Inter 20 - an awful lot of cat for the money


This is just about the ultimate in machinery for those who like main-lining raw speed.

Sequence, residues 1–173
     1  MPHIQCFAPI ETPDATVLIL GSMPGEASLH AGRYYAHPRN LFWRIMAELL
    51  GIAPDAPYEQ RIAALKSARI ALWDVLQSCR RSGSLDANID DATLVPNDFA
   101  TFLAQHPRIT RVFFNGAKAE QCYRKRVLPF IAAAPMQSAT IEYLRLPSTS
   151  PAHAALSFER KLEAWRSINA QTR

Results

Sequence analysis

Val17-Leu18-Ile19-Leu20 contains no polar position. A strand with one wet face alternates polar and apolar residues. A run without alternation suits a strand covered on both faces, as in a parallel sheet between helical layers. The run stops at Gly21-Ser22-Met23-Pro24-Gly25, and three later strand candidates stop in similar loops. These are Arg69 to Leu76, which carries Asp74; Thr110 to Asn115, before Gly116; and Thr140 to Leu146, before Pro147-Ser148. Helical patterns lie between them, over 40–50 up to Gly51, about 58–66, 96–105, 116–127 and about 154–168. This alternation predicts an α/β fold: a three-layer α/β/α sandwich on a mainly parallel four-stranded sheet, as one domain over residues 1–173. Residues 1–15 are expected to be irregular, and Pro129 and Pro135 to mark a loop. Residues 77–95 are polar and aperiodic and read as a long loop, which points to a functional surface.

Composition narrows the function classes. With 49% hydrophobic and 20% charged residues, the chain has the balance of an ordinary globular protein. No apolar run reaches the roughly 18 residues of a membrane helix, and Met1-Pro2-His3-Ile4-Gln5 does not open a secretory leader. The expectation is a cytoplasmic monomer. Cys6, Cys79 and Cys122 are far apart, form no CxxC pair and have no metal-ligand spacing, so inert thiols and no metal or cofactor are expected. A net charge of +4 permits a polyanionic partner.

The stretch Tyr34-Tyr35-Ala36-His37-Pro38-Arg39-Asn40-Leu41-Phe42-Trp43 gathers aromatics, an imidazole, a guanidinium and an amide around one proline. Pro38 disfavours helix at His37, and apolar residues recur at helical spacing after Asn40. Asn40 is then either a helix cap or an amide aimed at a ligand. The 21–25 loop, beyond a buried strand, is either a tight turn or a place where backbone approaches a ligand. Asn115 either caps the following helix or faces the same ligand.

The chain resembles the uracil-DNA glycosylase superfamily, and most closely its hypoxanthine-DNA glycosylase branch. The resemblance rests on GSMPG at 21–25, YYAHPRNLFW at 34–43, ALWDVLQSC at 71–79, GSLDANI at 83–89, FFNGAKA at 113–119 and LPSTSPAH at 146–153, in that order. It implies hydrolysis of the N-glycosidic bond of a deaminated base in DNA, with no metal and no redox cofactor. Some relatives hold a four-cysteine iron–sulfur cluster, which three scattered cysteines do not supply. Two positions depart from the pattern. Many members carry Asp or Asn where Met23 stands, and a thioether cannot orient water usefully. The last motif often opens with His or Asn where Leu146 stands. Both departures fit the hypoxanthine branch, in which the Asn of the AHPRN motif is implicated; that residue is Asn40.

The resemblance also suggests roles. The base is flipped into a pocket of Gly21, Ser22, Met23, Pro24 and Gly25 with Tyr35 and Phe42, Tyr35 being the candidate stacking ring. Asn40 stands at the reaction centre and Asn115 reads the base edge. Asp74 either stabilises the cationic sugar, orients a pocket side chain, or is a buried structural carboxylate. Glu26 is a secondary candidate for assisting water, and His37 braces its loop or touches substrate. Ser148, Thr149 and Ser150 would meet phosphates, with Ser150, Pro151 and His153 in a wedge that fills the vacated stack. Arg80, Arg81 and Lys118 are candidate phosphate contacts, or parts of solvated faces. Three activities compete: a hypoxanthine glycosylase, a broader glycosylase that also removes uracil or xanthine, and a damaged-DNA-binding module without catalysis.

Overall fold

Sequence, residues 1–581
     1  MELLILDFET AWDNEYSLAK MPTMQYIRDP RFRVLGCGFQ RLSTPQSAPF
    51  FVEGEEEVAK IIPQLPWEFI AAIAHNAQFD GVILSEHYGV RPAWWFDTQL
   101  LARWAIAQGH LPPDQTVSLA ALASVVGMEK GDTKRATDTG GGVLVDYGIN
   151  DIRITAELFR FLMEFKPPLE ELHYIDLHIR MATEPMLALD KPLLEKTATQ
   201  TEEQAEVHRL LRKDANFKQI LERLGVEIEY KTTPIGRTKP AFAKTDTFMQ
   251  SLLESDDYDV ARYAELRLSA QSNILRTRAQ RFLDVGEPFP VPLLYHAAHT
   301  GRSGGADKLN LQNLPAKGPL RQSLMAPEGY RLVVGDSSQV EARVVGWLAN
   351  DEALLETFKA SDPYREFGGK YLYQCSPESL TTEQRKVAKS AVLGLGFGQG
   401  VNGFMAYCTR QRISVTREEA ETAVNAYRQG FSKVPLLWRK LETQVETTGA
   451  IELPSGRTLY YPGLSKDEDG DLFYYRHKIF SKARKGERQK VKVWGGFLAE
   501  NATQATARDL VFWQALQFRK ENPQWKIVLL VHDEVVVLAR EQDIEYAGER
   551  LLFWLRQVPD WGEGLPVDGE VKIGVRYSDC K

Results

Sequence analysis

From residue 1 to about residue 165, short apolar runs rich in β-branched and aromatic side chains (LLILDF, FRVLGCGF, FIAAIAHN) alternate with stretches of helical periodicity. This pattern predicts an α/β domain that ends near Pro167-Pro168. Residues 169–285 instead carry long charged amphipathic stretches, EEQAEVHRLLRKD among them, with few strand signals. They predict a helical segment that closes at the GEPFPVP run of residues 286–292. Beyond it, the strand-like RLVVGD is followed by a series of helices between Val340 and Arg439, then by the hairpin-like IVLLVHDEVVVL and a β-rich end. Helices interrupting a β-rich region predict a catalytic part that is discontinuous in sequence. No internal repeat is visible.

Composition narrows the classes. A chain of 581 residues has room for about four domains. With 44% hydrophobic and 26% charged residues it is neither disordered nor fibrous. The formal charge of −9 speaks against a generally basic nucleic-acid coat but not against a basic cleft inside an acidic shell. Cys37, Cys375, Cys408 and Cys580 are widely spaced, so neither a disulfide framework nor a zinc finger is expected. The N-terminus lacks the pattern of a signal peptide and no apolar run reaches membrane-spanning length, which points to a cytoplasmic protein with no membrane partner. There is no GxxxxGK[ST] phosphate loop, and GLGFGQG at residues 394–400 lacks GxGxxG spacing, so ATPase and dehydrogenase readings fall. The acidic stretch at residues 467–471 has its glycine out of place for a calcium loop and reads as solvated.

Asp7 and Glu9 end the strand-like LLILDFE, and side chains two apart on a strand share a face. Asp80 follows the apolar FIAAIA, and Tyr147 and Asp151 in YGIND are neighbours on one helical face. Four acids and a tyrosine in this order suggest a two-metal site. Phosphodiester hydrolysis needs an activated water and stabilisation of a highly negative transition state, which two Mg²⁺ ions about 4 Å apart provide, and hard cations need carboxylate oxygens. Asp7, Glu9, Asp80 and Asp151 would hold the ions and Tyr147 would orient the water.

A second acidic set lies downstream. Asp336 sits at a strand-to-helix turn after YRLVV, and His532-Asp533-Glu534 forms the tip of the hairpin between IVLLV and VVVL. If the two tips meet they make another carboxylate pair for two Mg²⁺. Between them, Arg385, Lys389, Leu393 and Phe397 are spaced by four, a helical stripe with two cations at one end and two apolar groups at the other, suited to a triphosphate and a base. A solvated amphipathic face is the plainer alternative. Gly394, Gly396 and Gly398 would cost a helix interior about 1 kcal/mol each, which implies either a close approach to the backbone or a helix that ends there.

The genesis of the Inter 20 (and the Formula 20 rule that it’s drawn to) seems to stem from the pathological desire of the hard-core catamaran sailor for more speed. And longer means faster - first there were Formula 18s, now there are Formula 20s; first there were Inter 18s, now there are Inter 20s. Experienced cat sailors Stuart Gummer and Steve Mellors put the Inter 20 through its paces for the madforsailing scoreboard in some brisk conditions. The Inter 20 is a two-person, two-trapeze, three-sail cat with a generous area of asymmetric spinnaker. In short, it’s a beast. Drawn by accomplished multi-hull designer Gino Morelli, we were expecting something special from a boat that’s already taken line honours in the Round Texel Race two years running. The reviewer wasn’t disappointed - from the moment we had trouble keeping up in the RIB, as the Inter 20 blasted away at speeds in excess of 20 knots. Just a shower of fast fading spray left for the camera. So it’ll come as no surprise to you, dear reader, that the Inter 20 scores magnificently on performance. Small sailboats just don’t go much quicker. But it does well elsewhere too; once up to speed, upwind steering is fingertip light and precise, bear-aways are instant. Fully powered up on a two-sail reach, the boat goes where you point it. There is no hint of cavitation or stalling and remarkably, never a hint of loading up in the rudders. The hull shape provides the excellent control, and the critical fore and aft distribution of buoyancy is near perfect. Tacking is straightforward even in short seas, provided it’s done at a reasonable speed. Gybing is not too scary and getting the kite up and down is reasonably easy. And once the spinnaker is up and sheeted

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